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MA, RI, CT commit to reduce vehicle pollution, but at a possible cost of over 24 cents more per gallon of gas



Photo courtesy of State of Connecticut

BOSTON — Last week, Massachusetts Governor Charlie Baker, Connecticut Governor Ned Lamont, Rhode Island Governor Gina Raimondo and Washington, D.C. Mayor Muriel Bowser signed a Memorandum of Understanding (MOU) committing to a groundbreaking multi-state program that will reduce motor vehicle pollution by at least 26 percent and generate over $1.8 billion in Massachusetts by 2032. The bipartisan Transportation and Climate Initiative Program (TCI-P) will allow participating jurisdictions to invest in equitable, cleaner transportation options, and create significant new employment opportunities while substantially improving public health across the Commonwealth and New England.

Underscoring the importance of regional action, other Transportation and Climate Initiative (TCI) jurisdictions released a joint statement committing to continued collaboration on the development of the regional program, as well as working to identify additional regional strategies to reduce air pollution, create healthier communities, and invest in cleaner, more equitable transportation systems. Significantly, the State of North Carolina joined the joint statement, committing for the first time to working with the other TCI jurisdictions on the development of the program. With the issuance of the MOU, the remaining TCI jurisdictions have the ability to formally sign the MOU at any time. The program is slated to begin in 2023 after a reporting year to allow for additional jurisdictions to sign on.

“As a Commonwealth, we have an obligation to address climate change head on and a challenge this great requires action across our region and nation. That’s why I am proud to join Governor Lamont, Governor Raimondo and Mayor Bowser to launch this trailblazing program to reduce greenhouse gas emissions while building the clean, resilient transportation system of the future,” said Governor Charlie Baker. “By partnering with our neighbor states with which we share tightly connected economies and transportation systems, we can make a more significant impact on climate change while creating jobs and growing the economy as a result. A dozen Transportation and Climate Initiative states are also committing to this effort today and we look forward to these partners moving ahead with us as we build out this first in the nation program.”

In a region with nation-leading climate goals, Massachusetts, Connecticut, Rhode Island and Washington, D.C. are committing to bold action to ensure the achievement of emissions reduction targets while positioning the jurisdictions and region as leaders in the clean transportation economy. Accounting for 73 percent of the transportation emissions, 76 percent of the vehicles, and 75 to 80 percent of the gross domestic product in New England, the three states and Washington D.C. are taking this action at a time when the impacts of climate change continue to be felt across the country and region.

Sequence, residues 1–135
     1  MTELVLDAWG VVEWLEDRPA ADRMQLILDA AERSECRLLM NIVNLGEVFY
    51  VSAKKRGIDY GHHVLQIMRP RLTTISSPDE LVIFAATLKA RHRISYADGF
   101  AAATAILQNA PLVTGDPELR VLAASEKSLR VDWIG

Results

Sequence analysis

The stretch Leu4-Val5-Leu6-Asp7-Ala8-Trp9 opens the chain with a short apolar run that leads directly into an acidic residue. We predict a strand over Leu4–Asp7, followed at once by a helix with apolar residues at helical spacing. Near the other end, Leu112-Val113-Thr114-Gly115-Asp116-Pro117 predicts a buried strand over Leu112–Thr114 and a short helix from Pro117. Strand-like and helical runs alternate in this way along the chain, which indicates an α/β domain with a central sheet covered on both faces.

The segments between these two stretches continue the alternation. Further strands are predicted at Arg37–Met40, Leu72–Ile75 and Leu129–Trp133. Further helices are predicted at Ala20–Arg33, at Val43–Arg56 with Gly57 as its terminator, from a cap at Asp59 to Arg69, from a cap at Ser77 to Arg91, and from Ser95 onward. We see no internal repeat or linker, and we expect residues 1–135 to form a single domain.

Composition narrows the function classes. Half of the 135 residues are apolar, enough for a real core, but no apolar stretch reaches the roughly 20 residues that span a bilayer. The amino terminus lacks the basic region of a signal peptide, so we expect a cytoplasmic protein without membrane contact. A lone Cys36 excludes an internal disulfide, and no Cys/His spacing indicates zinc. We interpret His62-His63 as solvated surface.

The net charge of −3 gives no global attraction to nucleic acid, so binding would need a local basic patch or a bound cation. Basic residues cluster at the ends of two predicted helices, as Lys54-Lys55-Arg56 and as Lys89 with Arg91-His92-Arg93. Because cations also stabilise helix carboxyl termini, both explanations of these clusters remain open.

“Engaging in this way with my fellow governors and Mayor Bowser accomplishes goals we have set for Connecticut for years,” said Connecticut Governor Ned Lamont.“Participating in the TCI-P will help grow our economy through a fresh injection of capital to provide for jobs and new infrastructure. This collaboration will cut our greenhouse gas emissions, and it will make our urban centers healthier, after decades of being adversely impacted by the emissions being released by traffic every day. Connecticut has always taken pride in our leadership role when it comes to climate, and when we can combine that with a stronger economy, fast transit systems, and regional cooperation, that’s a win for all of us.”

“Joining the Transportation and Climate Initiative is an investment in Rhode Islanders,” said Rhode Island Governor Gina M. Raimondo. “This first-of-its-kind program will provide $20 million annually for public transit, safe streets for bikers and pedestrians, and other green projects. Most importantly, it will provide much-needed relief for the urban communities who suffer lifelong health problems as a result of dirty air. I look forward to working with the Rhode Island General Assembly to launch this program and protect the health of Rhode Islanders.”

“My vision is for the District to be the healthiest, greenest, most livable city for all our residents,” said Washington, D.C. Mayor Muriel Bowser. “To realize that vision, we have ambitious goals – for mobility, equity, and climate – and this program is an opportunity to accelerate all three, together. That’s why I’m proud to join this collaboration, leveraging a multi-jurisdictional commitment to cutting pollution to deliver real health benefits and investment dollars for all eight Wards.”

In New England, transportation is responsible for over 40 percent of greenhouse gas emissions, and exposure to air pollution exacerbates lung and heart ailments, causes asthma attacks, and increases the risk of a stroke and other serious health conditions. To address these challenges, the new program will make available over $160 million in allowance auction proceeds to Massachusetts by 2023 — money to provide better transportation options that result in less pollution, improved health, and a growing economy.